Compiling a C-64 Emulator to WebAssembly

We use a variety of emulators in 8bitworkshop. Many of them, like most of the Z80 emulators, are written from scratch in JavaScript directly against our Platform API. This facilitates deep introspection into the emulator state, which comes in handy for things like debugger support and CPU visualization.

To save effort, we also integrate a couple of open source emulators. Atari 2600 support is courtesy of Javatari, and NES support is courtesy of JSNES. Each of them requires significant patching to expose hooks for the extra features the IDE supports, like breakpoints and bus-monitoring.

We can also use MAME, compiling it to WebAssembly using Emscripten. The trouble is that it’s a bit heavyweight and monolithic, and wants to be treated as an application, not a library. Due to the way it’s architected, interacting with the debugger via JavaScript isn’t really feasible. Even simple things like re-loading the ROM require a ton of Lua scripting.

Emscripten

There are lots of open-source emulators written in C. What if we could use C emulation code as a library, and interact with it from JavaScript? It turns out we can use WebAssembly to do this.

At first, we might naturally consider using Emscripten. There are two methods for binding Emscripten-compiled C++ code to JavaScript, Embind and WebIDL. However, it turns out we don’t even need these frameworks, or even the full Emscripten wrapper. We can compile directly to WebAssembly using Clang alone.

Emulating the Commodore 64

We’re going to emulate the Commodore 64. There are plenty of emulators, but which to choose?

The chips library contains no dependencies except a few standard library functions, so it’s a good candidate. Its README describes it as:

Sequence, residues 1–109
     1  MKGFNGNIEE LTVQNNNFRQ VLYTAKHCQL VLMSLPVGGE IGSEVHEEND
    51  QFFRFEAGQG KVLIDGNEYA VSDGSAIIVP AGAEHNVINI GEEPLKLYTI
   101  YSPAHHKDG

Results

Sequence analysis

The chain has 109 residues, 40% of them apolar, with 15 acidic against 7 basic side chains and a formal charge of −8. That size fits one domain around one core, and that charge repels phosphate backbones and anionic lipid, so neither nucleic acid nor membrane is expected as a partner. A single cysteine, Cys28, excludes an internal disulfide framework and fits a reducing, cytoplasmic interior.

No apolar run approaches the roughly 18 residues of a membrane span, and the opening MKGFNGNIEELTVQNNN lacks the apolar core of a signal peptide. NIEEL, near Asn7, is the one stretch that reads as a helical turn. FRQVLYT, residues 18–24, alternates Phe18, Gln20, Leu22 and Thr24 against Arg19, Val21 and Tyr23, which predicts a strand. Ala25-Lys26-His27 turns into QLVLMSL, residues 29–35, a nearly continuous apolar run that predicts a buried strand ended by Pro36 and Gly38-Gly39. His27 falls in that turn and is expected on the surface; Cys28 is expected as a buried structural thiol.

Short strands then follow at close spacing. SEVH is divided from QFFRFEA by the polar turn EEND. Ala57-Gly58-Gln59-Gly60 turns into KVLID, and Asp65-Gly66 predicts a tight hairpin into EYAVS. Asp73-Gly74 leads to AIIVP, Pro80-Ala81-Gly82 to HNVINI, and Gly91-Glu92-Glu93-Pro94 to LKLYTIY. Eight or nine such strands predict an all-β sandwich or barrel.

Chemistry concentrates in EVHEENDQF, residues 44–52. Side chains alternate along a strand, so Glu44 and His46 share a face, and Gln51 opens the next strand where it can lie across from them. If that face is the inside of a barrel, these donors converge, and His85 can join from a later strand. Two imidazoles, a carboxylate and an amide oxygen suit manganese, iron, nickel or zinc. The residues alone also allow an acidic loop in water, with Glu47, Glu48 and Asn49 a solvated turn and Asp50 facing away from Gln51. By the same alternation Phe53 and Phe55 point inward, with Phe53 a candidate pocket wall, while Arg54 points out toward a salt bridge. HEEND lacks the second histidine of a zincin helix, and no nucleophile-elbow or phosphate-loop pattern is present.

A toolbox of 8-bit chip-emulators, helper code and complete embeddable system emulators in dependency-free C headers (a subset of C99 that compiles on gcc, clang and cl.exe).

We just need a single C file to tie everything together. In it, we include all of the files required for the C64 emulation. We first define CHIPS_IMPL which instructs the preprocessor to include the function implementations, not just the definitions:

#define CHIPS_IMPL

#include "chips/m6502.h"
#include "chips/m6526.h"
#include "chips/m6569.h"
#include "chips/m6581.h"
#include "chips/beeper.h"
#include "chips/kbd.h"
#include "chips/mem.h"
#include "chips/clk.h"
#include "systems/c64.h"

DIY Standard Library

We also need a few standard library functions, like assert(), malloc(), free(), M_PI, memset(), memcpy(). It’s easier to roll our own (or rip off) the few functions we need. For example, here’s our very simple malloc() function:

extern unsigned char __heap_base;

unsigned char* bump_pointer = &__heap_base;

void* malloc(unsigned long n) {
  unsigned char* r = bump_pointer;
  bump_pointer += n;
  return (void *)r;
}

void free(void* p) {
  // lol
}

Wrapper Functions for JavaScript

To smooth out the interface between JavaScript and C, we define a bunch of wrapper functions in c64.c. C exports functions unless told otherwise, so all are available to the JavaScript program via the module’s exports property.

For example, machine_init allocates a c64_t struct type and initializes the emulator with defaults.

c64_t* machine_init(char* bios) {
    c64_t* sys = (c64_t*) malloc(sizeof(c64_t));
    bios_array = bios;
    machine_hardreset(sys);
    return sys;
}

We chose the machine_ prefix so that we can potentially emulate other systems by just swapping out the WebAssembly file.

How to Use from JavaScript

From JavaScript, we first load the BIOS binary:

var biosResponse = await fetch('wasm/'+this.prefix+'.bios');